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Paved with good intentions

1 February 2010

While I’m more than slightly dubious about the motives of Idaho-based “Haitian Orphan Rescue Mission” led by personalshopper.com CEO Laura Silsby, I don’t think the group, from the Central Valley Baptist Church of Meridian, Idaho, had any peculiarly perverse plans in mind.

This Church, is traditionalist and ultra-conservative — as far as I can tell, it is part of the Southern Baptist Convention and lists the usual “Faith and Purpose” beliefs you’d expect to find — wives must submit to the husbands, life begins at conception, homosexuality is a sin and “academic freedom” doesn’t preclude Biblical inerrancy.

At first, I thought this might be a Christian Dominionist Church — a Protestant version of Taliban.  If anything, the Church’s  Faith and Purpose statement strongly supports separation of Church and State:

The state owes to every church protection and full freedom in the pursuit of its spiritual ends. In providing for such freedom no ecclesiastical group or denomination should be favored by the state more than others. Civil government being ordained of God, it is the duty of Christians to render loyal obedience thereto in all things not contrary to the revealed will of God. The church should not resort to the civil power to carry on its work…

Nor do I see simple racial supremacist thinking at work here, something we also often associate with Idaho.  In the same place where homosexuality is condemned as a sin, so is racism.  War is considered “unChristian” (“It is the duty of Christians to seek peace with all men on principles of righteousness. In accordance with the spirit and teachings of Christ they should do all in their power to put an end to war.”

In short, the missionaries sound like fairly ordinary people from “the heartland” — which is, in some ways, more troubling than if they were baby-stealers secretly worshipping Baal.

Not to defame Baal — or Tlaloc for that matter — but human sacrifice is no longer an option for parents with too many children to feed, nor — as the Romans and Greeks did — is leaving newborns in the city dump when times are hard exactly in keeping with human values.  Poor Haitians, and the poor everywhere, have popped their kids into orphanages, or sold them, or given them away when it is the only best of several bad options for family survival.

But, that said, what’s bothersome is that the conditions that make a sort of kinder, gentler human sacrifice seem necessary to families in places like Haiti are not questioned.  There is plenty to be said (and has been said) about that elsewhere.   From what I can tell, the Church was already planning to build an orphanage in the Dominican Republic, part of hits Evangelical mission.  That alone is enough to strike some as interference and arrogant.  Max Beauvoir, head of Haiti’s Voodoo Priest’s Association is quoted in the Idaho Statesman as saying:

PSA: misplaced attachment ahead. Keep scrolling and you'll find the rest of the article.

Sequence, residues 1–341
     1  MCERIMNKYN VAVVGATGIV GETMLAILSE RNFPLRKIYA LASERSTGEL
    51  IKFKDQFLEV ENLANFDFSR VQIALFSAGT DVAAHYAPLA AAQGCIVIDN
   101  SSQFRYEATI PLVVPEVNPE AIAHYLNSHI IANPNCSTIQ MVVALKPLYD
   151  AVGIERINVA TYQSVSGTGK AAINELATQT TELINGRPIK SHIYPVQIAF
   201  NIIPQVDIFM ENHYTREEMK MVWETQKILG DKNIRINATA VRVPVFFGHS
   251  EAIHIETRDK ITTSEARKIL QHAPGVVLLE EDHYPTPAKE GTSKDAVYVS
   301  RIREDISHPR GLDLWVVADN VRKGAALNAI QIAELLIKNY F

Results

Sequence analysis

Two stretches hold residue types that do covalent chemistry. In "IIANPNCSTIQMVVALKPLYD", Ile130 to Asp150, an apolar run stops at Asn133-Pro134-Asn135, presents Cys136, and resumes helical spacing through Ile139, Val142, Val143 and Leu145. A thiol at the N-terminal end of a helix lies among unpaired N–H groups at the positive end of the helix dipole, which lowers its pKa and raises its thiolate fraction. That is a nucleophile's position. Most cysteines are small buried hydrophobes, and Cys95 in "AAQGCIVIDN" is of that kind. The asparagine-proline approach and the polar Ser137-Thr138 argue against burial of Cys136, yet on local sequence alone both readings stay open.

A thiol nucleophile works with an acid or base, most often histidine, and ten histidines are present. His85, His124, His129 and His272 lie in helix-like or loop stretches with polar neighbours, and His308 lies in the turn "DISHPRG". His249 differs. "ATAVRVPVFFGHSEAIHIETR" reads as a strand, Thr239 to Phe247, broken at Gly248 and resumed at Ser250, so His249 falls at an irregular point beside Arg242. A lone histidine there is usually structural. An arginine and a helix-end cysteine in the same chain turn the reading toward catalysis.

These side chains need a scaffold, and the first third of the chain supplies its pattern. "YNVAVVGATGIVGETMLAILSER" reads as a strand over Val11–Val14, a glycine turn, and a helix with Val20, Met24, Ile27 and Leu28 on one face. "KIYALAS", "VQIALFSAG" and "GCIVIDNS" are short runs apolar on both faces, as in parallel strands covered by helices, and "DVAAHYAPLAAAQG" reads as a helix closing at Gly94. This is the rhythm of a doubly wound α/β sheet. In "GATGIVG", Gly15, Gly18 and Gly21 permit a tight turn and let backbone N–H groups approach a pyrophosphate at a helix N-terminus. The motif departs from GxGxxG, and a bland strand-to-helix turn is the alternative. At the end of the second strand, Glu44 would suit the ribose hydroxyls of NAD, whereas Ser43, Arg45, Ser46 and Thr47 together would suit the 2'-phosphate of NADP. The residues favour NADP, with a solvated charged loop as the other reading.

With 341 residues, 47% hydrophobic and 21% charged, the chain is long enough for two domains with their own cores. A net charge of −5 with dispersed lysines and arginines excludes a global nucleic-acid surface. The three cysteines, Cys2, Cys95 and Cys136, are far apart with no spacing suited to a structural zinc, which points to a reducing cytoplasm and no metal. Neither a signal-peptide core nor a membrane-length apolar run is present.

There are many who come [to Haiti] with religious ideas that belong more in the time of the inquisition. These types of people believe they need to save our souls and our bodies from ourselves. We need compassion, not proselytizing now, and we need aid – not just aid going to people of the Christian faith.

The overwhelming majority of Haitians are Roman Catholics (who also resent this “soul snatching”), which has its theological differences with the Southern Baptists to be sure, but perhaps none of the Church’s spokespeople were available. Or — subconsciously or by design — quoting the Voodoo priest is less troubling than suggesting the Baptists were poaching their fellow Christians.

And, it’s the need for aid and compassion, not “saving our souls from ourselves” that is missing.  What the Idaho Baptists did was no different from what the U.S. government has done.  It attempted to take advantage of a natural disaster in order to shock others into acquiescence with control by powerful outsiders with their own preconceived notions of how the world works.  And to harness the poor for their own ends.

Basically, what the Idahovians did was decide they’re rich, they have the power, and they can… therefore, they should be masters of others.  They are, in the end, no different from an oil company or cruise line or the arrogant tourist who presumes their “right” to do what they want rests on their economic power and that others exist to preserve their dominance.

One Comment leave one →
  1. 2 February 2010 8:09 am

    Phew…for a minute there, I thought this was gonna be another of those “lay off the well-intentioned but misguided Baptists” pieces. The news has been sickeningly full of benefit-of-the-doubt about them lately. I have trouble believing this was all just some “mistake”, as they’re now insisting it was.

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